On Monday, Apple revised the terms of its iOS developer agreement to once again allow analytics companies to collect pertinent data with user consent. Apple’s nuanced change, however, seemingly leaves AdMob, which was recently acquired by Google, SOL.
Section 3.3.9 of Apple’s updated developer agreement now reads:
You and Your Applications may not collect, use, or disclose to any third party, user or device data without prior user consent, and then only under the following conditions:
– The collection, use or disclosure is for the purpose of serving advertising to Your Application; is provided to an independent advertising service provider whose primary business is serving mobile ads (for example, an advertising service provider owned by or affiliated with a developer or distributor of mobile devices, mobile operating systems or development environments other than Apple would not qualify as independent); and the disclosure is limited to UDID, user location data, and other data specifically designated by Apple as available for advertising purposes.
You see that? Apple’s new agreement only lets companies play the analytics game if their “primary business is serving mobile ads.” Apple even goes so far as to explicitly rule out advertising services that operate as wholly owned subsidiaries if the primary business of the parent isn’t in serving mobile ads. Translation? AdMob, now under the auspices of Google, is effectively prohibited from being used in iPhone apps.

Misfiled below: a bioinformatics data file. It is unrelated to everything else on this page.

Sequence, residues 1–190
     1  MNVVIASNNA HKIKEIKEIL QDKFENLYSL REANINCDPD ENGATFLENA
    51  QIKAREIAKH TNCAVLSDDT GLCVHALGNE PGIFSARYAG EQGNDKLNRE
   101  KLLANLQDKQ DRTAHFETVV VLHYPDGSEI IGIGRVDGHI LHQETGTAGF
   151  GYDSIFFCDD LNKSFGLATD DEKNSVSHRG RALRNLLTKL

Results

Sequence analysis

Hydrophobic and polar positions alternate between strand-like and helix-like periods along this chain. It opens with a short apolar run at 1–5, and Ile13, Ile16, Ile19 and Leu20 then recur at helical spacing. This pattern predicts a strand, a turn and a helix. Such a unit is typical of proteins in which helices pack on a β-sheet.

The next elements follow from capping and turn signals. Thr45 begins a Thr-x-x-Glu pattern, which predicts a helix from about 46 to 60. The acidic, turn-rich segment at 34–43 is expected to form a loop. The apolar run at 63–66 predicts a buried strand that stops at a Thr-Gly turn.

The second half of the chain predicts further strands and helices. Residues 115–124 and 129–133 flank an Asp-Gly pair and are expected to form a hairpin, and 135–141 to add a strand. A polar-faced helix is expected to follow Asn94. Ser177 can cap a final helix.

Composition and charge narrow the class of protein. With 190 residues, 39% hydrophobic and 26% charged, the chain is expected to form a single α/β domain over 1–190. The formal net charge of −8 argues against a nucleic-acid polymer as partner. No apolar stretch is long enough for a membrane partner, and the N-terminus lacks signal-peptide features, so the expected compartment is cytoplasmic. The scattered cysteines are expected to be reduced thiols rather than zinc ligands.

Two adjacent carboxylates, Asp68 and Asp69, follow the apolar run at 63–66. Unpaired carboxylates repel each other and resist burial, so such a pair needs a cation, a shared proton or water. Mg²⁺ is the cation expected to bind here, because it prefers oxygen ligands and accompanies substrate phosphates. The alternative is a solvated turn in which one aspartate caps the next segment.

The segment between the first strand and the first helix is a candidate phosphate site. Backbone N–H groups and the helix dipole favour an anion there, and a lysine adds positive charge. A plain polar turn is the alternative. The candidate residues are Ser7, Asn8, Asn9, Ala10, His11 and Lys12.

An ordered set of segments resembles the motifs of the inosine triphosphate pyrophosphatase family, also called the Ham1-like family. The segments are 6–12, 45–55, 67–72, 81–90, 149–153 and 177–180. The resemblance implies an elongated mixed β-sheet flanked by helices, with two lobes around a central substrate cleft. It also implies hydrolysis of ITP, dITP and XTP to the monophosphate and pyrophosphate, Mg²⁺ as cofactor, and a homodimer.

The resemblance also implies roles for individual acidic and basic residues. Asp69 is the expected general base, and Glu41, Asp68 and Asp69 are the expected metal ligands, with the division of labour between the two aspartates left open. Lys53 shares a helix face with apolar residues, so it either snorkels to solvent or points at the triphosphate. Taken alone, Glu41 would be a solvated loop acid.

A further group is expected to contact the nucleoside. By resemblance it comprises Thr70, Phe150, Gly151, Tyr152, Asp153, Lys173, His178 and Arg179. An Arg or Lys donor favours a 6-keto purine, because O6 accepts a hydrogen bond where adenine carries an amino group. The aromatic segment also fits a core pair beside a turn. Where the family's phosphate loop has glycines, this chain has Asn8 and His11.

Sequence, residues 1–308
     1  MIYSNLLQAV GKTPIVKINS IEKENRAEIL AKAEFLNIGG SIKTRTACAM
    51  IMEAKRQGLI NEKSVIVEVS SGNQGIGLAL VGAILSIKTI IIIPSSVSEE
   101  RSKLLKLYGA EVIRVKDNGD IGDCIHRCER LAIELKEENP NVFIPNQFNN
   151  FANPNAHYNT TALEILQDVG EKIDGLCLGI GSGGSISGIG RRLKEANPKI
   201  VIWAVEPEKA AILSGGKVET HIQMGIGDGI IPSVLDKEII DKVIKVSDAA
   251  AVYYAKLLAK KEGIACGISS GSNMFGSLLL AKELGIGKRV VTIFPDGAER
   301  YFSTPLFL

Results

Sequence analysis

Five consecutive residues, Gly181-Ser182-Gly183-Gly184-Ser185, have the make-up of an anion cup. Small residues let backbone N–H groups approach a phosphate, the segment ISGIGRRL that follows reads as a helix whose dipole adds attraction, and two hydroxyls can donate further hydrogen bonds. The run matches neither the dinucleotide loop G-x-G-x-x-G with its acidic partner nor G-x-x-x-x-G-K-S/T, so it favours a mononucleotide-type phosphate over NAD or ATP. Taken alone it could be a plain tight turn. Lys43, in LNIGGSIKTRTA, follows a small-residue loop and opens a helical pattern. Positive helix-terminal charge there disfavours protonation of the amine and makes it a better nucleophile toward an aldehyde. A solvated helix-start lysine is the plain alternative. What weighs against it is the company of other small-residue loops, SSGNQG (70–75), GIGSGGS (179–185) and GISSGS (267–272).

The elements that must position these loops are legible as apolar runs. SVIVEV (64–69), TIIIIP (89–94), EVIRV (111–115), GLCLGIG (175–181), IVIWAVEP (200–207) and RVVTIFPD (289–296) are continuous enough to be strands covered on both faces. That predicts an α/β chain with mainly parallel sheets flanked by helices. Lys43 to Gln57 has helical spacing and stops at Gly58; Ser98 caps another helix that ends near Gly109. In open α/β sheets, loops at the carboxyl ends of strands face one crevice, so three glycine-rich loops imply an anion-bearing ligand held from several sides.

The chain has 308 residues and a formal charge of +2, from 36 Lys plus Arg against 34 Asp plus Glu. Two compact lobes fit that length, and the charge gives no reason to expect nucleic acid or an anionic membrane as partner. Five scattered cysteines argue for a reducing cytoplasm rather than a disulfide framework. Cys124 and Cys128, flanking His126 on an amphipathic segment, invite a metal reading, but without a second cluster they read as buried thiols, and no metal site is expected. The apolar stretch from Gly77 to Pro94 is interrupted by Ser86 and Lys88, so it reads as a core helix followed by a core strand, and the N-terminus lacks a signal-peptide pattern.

Today, AdMob CEO Omar Hamoui responded to Apple’s recent change:
Apple proposed new developer terms on Monday that, if enforced as written, would prohibit app developers from using AdMob and Google’s advertising solutions on the iPhone. These advertising related terms both target companies with competitive mobile technologies (such as Google), as well as any company whose primary business is not serving mobile ads. This change threatens to decrease – or even eliminate – revenue that helps to support tens of thousands of developers. The terms hurt both large and small developers by severely limiting their choice of how best to make money. And because advertising funds a huge number of free and low cost apps, these terms are bad for consumers as well.
Let’s be clear. This change is not in the best interests of users or developers. In the history of technology and innovation, it’s clear that competition delivers the best outcome. Artificial barriers to competition hurt users and developers and, in the long run, stall technological progress.
… we’ll be speaking to Apple to express our concerns about the impact of these terms.
With Federal Regulators seemingly breathing down Apple’s neck for innocuous business practices, it appears that Apple is now giving them something to legitimately investigate.